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Turquoise Puya

Scadoxus cinnabarinus

This is a close look at the rare Scadoxus cinnabarinus.  This unusual member of the Amaryllis family is almost unknown in cultivation.  Its spectacular, fireworks-like flower cluster rises above attractive leaves that resemble a mini banana plant.  This showy species comes from warm forests in tropical Africa.  It is found in only a few plant collections, and is almost never seen for sale.

Scadoxus cinnabarinus

 Scadoxus cinnabarinus is closely related to Clivia, and has similar roots that are thick and orchid-like.  Its bulb-like rhizome sends up fleshy leaves about 12 inches tall.  Mature plants make offsets, which may be separated.  In summer, it sends up a flower stem 12 to 18 inches tall, topped with its ball-like inflorescence.  The flower color can vary from orange or peach to light scarlet.  After flowering, it makes attractive, orange berries if pollinated with another plant.  This species is slow-growing and requires a few years in the same pot in order to flower.  It may be cross-bred with other Scadoxus species to create new hybrids.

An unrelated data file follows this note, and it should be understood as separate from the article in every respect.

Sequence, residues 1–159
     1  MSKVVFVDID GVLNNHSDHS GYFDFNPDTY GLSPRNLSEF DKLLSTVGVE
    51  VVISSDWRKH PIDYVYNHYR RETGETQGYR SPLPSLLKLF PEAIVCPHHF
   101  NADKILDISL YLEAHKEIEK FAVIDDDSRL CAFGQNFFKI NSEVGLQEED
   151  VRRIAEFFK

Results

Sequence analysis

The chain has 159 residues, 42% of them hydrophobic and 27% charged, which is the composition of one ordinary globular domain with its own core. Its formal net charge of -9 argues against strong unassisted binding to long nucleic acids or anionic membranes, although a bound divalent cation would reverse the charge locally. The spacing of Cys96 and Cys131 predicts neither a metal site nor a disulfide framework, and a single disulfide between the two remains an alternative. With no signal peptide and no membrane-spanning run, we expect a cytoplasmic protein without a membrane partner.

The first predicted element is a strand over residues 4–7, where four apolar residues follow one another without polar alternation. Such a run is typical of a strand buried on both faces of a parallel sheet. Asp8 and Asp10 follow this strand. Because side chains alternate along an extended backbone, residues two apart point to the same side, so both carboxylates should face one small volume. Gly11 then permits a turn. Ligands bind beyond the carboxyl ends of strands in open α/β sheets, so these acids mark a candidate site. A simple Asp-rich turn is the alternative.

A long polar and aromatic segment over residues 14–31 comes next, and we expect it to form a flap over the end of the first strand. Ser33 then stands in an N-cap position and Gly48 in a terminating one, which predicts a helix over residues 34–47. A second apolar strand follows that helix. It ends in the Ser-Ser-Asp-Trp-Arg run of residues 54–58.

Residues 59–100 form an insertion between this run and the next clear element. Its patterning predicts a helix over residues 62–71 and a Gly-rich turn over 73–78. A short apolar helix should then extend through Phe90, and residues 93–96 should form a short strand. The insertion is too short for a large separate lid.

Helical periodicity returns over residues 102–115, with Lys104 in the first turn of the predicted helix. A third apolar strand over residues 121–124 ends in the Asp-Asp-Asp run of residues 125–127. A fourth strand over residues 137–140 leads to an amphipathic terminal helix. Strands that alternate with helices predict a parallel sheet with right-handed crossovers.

Scadoxus cinnabarinus

It needs warm conditions year-round, and should be kept above 60 degrees F (16°C).  It grows well in a small pot in a loose, chunky soil mix that drains quickly.  A typical mix is 1 part orchid bark (fine- or medium-grade), 1 part pumice or perlite, and 1 part potting soil or coir fiber.  Keep the roots evenly moist or the plant may go dormant.  This forest plant does best in shade or dappled sunlight.  Protect it from strong sun exposure.  Over about 50% humidity is best.  By the way, Scadoxus plants contain a toxin, so keep them away from small children and pets.

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Photos 1 & 3 courtesy of Martin Grantham, photo #2 courtesy of André Karwath

 

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